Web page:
Dy Thona (IDEA – Cambodia)

Street vendor Dy Thona also looks to the future, always thinking of ways to bring more security to her livelihood. Thona operates a cart on a busy street just outside the gates of a hospital, doing a brisk trade in hot noodle soup, coffee and tea, cigarettes, and cold drinks. Customers, including hospital

visitors, patients and staff, and passing tuk-tuk drivers, often stop to eat at the table and chairs she’s set up nearby. Behind them, roosters crow through the hospital grounds while on the street, cars, tuk-tuks, and motorcycles speed by.

Thona looks tired from years and years of vending, but her passion in improving her conditions holds firm. She herself laughs when she comments on her singularity of focus, saying “Even when I am at home or at IDEA meetings, I am thinking about what I can do with my stall.”

Thona is 37 and has been vending for close to 20 years. As she says, with a grade eight education, “I didn’t know how else to survive. I didn’t have skills.”

When she began vending, she was harassed by local authorities daily though the why, when, and where they wanted her to move fluctuated daily.

“We learned about rights, how to talk with local authorities, how to solve problems, and when to get further help.”

“Everything seemed dark,” she says. “I couldn’t understand the reasoning or policies. I didn’t know how to speak. I had a fear of selling here. I didn’t know what to do, or what I could depend on.”

But in 2007, during one particularly long campaign to remove vendors from outside the hospital gates, a tuk-tuk driver spoke with Thona about the benefits of joining IDEA. She began participating in trainings from negotiation to advocacy. These trainings, says Thona, “educated us, helped us learned. We learned about rights, how to talk with local authorities, how to solve problems, and when to get further help.”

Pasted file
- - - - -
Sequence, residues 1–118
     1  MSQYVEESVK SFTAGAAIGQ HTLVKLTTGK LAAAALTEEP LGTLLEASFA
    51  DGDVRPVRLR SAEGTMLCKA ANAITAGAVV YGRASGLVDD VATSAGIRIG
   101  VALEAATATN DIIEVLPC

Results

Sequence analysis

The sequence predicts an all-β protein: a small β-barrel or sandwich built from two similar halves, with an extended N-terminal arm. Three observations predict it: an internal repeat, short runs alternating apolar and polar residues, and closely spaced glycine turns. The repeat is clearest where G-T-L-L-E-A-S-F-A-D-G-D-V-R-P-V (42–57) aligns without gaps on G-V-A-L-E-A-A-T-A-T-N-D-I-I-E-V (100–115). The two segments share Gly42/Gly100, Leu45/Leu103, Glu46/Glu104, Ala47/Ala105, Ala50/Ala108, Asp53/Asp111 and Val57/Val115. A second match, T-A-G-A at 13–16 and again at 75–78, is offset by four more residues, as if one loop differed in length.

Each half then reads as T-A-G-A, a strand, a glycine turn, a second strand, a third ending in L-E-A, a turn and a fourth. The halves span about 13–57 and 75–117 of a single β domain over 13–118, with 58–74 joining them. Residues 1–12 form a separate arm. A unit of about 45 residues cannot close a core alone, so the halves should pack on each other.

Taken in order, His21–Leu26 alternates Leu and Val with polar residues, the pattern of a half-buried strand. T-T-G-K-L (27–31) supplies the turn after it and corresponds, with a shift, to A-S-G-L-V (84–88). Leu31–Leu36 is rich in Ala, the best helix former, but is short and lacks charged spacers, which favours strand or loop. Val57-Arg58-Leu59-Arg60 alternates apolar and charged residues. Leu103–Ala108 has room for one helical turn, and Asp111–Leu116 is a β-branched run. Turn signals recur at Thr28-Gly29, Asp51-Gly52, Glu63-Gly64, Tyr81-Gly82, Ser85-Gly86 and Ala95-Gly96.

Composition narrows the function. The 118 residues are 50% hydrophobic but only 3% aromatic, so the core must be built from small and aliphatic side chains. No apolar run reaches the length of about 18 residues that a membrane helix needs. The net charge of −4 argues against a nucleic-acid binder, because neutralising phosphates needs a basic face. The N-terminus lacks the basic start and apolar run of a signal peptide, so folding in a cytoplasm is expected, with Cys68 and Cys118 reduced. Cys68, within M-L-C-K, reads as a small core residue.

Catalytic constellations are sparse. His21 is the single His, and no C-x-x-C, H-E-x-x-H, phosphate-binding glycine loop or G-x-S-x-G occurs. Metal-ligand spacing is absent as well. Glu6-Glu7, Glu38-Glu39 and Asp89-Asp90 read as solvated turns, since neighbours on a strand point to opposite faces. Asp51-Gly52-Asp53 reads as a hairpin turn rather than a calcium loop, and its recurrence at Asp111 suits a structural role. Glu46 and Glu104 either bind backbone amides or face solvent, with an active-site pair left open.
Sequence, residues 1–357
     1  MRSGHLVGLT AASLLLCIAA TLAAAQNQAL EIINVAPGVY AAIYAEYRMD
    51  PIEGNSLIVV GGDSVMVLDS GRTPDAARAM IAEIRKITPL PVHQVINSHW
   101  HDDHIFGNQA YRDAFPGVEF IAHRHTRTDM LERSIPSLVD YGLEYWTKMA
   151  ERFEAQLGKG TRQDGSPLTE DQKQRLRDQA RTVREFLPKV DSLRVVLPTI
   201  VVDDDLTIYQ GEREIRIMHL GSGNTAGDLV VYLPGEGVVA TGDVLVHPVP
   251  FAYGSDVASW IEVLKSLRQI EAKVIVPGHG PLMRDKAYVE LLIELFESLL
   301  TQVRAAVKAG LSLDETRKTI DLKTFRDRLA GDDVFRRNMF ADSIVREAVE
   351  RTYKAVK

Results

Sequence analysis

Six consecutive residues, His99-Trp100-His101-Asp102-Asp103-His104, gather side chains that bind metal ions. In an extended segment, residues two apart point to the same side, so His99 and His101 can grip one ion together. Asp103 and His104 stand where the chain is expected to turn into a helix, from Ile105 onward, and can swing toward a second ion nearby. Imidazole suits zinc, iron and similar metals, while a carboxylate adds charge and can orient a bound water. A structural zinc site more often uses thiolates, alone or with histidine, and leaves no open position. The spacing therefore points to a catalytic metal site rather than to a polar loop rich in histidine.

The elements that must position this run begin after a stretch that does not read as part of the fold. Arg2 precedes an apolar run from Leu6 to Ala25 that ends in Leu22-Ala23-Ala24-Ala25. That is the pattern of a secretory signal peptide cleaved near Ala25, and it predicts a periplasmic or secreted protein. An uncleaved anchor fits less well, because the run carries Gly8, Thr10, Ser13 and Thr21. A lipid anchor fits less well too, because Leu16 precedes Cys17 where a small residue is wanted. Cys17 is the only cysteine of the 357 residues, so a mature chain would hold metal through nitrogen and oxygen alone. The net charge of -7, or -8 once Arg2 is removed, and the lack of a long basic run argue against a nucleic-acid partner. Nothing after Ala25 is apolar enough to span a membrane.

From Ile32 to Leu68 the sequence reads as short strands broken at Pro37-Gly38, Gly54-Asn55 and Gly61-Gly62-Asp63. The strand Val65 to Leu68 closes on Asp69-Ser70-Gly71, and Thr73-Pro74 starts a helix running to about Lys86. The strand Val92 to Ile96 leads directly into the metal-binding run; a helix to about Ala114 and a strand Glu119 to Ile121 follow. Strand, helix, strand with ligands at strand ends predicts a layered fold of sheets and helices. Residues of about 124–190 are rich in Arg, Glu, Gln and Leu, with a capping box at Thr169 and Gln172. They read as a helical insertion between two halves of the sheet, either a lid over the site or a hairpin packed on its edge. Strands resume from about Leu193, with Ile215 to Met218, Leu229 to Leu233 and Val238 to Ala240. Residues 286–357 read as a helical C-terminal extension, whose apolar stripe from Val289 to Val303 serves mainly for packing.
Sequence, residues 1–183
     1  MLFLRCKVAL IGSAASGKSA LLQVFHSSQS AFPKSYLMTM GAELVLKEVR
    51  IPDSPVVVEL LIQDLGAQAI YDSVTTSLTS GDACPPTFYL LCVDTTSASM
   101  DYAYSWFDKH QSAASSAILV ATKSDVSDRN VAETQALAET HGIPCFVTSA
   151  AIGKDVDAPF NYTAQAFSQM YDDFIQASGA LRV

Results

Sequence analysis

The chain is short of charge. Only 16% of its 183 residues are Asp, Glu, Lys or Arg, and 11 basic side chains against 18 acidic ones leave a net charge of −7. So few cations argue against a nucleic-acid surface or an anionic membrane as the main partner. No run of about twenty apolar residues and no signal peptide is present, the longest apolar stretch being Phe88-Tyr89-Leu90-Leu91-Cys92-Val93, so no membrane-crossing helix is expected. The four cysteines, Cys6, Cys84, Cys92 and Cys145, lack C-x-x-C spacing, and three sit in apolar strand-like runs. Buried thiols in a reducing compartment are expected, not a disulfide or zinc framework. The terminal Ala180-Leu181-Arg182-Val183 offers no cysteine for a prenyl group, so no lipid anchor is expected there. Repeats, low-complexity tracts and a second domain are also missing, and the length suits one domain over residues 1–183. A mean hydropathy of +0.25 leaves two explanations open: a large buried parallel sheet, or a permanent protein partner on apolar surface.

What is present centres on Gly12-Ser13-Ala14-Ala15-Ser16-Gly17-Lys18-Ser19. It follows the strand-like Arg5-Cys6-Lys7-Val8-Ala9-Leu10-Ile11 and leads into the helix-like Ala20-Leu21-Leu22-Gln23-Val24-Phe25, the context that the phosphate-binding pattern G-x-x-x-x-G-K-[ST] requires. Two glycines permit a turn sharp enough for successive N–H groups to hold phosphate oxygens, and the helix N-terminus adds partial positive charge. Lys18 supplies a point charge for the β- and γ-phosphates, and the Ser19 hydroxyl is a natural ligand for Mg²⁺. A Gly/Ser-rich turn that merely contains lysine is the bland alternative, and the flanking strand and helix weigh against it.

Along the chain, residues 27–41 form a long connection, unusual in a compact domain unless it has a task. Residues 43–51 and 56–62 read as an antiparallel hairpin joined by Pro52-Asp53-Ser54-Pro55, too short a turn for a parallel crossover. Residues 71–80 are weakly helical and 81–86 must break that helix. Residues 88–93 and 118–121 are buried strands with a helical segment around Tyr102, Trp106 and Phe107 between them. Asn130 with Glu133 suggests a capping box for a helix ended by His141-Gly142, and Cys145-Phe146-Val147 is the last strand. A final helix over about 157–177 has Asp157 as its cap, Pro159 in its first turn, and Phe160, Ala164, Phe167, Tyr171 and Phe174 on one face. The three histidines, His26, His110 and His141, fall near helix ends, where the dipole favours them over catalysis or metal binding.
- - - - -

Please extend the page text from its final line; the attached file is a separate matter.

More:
Today, Thona is not afraid to speak up. When authorities ask her to move, she is able to ask why and to refuse to move. As a result, her income and space have greater security. More, the authorities now listen to her, and because of this, she is able to help solve problems for other vendors.

In fact, over the 11 years of her membership, Thona has not only become a leader in her community, but also a leader within IDEA as a whole—she was the elected representative for street vendors on IDEA’s General Counsel for two terms.

Her work there took her to India for an Exposure Dialogue visit with members of the Self-Employed Women’s Association (SEWA), a national union of self-employed, poor women workers, including street vendors.

Like IDEA, SEWA is also a part of StreetNet International. Membership in StreetNet regularly brings about this kind of global collaboration, which increases an organization’s (and its members’) awareness of options for organizing within the informal economy.

Thona smiles broadly when she’s asked of this visit. “The food was very difficult to eat,” she admits. But then, with seriousness, she speaks of what she learned from SEWA, like its focus on women, on literacy, and on empowerment through the individual and family.

She was especially impressed by SEWA’s non-violent approach to problem solving and how it can bring about profound change in fighting evictions. She also learned about other services SEWA offers, like the credit and savings banks and low-interest loans it provides for its members.


Thona believes similar access to low-interest loans through IDEA would help her achieve more income security. With such a loan, she dreams she could open a small shop in her home—a hope many vendors share but cannot achieve because of prohibitive start-up costs. Not only would a shop in her home lessen harassment from authorities and the worrying threat of eviction from road redevelopment, but it would provide Thona with more stable income as she would no longer have to worry about closing the stall due to storms, heavy rain, or traffic accidents.

A shop in her home would also help her mitigate against age—currently, Thona has to move her cart and goods from storage to the vending site and back every day, a job that is heavy and difficult. Finally, a shop would protect her from the potential violence that many women vendors throughout the world face. Read  more about how IDEA creates change by downloading the PDF.